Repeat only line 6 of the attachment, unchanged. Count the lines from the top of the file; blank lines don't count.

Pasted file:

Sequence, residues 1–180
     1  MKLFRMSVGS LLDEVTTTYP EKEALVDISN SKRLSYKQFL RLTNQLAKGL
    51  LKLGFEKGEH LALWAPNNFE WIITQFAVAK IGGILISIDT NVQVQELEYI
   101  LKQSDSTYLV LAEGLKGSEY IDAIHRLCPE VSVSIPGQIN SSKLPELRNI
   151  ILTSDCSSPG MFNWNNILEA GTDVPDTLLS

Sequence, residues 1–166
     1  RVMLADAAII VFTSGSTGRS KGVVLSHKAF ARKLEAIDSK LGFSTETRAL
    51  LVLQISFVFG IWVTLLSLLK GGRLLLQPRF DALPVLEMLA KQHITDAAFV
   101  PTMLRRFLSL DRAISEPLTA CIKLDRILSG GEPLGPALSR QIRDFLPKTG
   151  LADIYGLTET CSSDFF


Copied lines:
Sequence, residues 1–166